After this, the course swept around to and over a road and then the racers climbed over a small fence that is part of the venues property and we made our way over very quickly to a lake and did a second sandbag carry into and through the lake. After completing the sandbag carry, the course went back over the same small fence that is part of the venues property as mentioned above and back across a road and we came to an obstacle that started with a slanted wall rope climb and then took racers over the top of what was the structure used for race day registration and then back down another slanted wall with a rope. The course continued on a very short distance and came back to the Platinum Rig which was set up in a very challenging configuration and even harder due to the constant all day rain. Once past the Platinum Rig, the course went through one last section of fenced in area and over several four foot walls and then came to the finish line and being rewarded one of the sexiest finisher medals in the business!
The course was an awesome combination of steep inclined mountain climbs, technical deep woods trails (both up and down), and over forty top quality built and challenging obstacles that made for one of the top obstacle courses I have done in my two years of racing. As I was running the course, I was trying to think of the best way to explain the course and this is what came to mind, if Spartan’s most well-known and respected Race Director Norm Koch could design a course and was not limited to a set number of obstacles and other parameters I imagine the Dead End race course is pretty much what he would design.
I am scheduled to race the second Dead End Race (Apocalypse) on August 30th of this year and that race is the one that lead Race Director and Dead End Race owner Brian Townsend tells me is going to be his hard-core event when it comes to both distance, total obstacles, and most of all challenging racers both mentally and physically and I cannot stress this enough to my readers, come do this race/event and you will not be disappointed!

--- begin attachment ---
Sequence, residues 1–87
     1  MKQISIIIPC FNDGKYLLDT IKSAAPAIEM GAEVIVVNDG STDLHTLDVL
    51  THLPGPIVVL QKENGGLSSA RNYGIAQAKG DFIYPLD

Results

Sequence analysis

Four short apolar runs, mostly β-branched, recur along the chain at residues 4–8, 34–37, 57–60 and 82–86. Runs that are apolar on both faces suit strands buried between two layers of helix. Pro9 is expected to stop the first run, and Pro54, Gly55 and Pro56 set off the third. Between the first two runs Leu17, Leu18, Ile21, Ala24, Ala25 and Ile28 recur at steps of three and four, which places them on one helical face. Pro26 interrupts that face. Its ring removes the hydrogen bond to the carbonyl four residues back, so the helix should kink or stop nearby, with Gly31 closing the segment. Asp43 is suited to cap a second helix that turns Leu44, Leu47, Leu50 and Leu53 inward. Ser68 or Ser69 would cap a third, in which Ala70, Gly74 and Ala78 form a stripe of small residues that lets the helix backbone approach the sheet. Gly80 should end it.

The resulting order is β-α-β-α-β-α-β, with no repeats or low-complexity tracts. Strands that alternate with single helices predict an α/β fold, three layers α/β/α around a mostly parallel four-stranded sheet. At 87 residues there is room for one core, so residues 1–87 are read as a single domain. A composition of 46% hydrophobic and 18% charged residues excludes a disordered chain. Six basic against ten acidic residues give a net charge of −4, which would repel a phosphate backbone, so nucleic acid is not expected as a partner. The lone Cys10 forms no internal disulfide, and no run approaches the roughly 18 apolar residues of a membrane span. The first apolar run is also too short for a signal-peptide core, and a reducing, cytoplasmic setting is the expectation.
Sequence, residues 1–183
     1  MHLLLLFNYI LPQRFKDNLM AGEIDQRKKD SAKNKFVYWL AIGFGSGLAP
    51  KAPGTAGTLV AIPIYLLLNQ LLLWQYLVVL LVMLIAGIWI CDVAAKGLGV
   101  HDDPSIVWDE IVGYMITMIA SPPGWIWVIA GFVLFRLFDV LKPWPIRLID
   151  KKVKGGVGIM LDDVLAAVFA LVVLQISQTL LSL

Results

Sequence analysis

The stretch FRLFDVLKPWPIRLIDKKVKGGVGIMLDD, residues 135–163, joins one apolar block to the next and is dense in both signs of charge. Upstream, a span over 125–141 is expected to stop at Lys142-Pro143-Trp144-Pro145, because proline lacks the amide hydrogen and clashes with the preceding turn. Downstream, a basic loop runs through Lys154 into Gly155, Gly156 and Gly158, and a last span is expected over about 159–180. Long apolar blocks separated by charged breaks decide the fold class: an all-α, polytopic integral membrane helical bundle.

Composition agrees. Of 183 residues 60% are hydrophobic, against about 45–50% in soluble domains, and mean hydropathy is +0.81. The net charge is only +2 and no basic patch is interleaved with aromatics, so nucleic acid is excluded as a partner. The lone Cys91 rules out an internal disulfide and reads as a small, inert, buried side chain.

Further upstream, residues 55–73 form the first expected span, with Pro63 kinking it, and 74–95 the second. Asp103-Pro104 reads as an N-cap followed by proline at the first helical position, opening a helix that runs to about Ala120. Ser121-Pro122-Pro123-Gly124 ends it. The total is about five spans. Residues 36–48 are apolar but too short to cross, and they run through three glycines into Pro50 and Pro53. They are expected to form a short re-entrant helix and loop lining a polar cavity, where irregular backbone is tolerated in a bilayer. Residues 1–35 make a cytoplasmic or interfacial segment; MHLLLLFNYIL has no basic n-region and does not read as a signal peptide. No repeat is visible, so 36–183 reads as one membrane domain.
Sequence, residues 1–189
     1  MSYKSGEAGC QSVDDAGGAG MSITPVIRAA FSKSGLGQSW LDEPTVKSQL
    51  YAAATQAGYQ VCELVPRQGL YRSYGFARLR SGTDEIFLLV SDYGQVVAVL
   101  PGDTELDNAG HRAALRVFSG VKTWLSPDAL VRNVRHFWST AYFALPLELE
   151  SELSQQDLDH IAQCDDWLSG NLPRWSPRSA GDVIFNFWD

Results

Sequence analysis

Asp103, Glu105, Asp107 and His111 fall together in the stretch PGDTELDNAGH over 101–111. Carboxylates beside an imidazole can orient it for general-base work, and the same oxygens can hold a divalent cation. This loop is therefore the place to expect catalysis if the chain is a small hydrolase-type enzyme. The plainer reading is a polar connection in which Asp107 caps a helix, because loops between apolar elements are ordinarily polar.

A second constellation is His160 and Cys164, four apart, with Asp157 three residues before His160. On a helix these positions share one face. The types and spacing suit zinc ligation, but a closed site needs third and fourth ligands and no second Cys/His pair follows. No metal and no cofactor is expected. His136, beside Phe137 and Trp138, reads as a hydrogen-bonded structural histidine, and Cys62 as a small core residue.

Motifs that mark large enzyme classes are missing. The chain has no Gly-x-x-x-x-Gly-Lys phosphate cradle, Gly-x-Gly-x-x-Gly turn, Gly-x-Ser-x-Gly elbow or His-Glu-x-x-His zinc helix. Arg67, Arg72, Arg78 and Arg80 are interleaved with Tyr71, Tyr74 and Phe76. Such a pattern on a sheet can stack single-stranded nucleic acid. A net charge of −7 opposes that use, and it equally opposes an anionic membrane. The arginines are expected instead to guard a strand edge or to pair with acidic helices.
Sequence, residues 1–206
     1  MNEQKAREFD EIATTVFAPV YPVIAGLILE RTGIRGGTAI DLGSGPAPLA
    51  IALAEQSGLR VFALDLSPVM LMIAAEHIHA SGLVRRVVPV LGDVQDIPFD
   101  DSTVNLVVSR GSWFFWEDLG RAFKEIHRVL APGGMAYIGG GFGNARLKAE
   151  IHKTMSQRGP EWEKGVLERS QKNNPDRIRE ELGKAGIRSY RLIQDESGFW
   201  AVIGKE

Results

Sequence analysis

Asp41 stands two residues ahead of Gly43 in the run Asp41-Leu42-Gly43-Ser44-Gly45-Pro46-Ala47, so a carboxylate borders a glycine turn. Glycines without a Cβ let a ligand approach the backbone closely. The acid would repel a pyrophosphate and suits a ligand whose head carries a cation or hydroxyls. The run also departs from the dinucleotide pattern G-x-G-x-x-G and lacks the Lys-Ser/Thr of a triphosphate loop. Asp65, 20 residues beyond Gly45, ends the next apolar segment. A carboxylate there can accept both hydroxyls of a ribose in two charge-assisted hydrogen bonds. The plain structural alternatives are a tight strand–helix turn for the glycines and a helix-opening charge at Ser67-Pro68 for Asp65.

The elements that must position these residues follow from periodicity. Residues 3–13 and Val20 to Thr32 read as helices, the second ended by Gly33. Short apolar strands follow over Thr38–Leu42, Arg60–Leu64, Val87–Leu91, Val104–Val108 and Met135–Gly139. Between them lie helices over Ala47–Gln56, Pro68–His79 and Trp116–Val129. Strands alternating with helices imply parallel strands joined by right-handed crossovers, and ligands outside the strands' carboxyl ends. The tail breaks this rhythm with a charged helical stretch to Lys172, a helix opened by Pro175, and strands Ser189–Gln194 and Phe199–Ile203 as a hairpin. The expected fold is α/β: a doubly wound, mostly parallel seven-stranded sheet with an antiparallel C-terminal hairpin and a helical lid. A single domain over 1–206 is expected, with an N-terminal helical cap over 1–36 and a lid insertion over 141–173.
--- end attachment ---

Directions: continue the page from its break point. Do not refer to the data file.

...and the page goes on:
The schwag is insanely awesome, the finisher medal is big and sexy and has a combination of yellow and black chrome and it’s solid and weighs a lot. The finisher shirts came in an option of either black or gray, which was an OCR first. The combination of the finisher medal and choice of shirts places Dead Ends schwag at the top of my list so far on the OCR year.
Overall event rating:
Amazing course, amazing obstacles, some of the best schwag I have seen/received to date, I am rating this race/event a 5 out of 5 stars.
I am not sure if it’s something in the water or maybe the medical system in Canada, but I have so far done five OCR races this year in Canada and they have all really kicked ass and I cannot stress it enough to other American’s to start adding Canadian obstacle course races to their schedules.
Have you done Dead End Race? Share and Rate your own experience and let us know what you thought…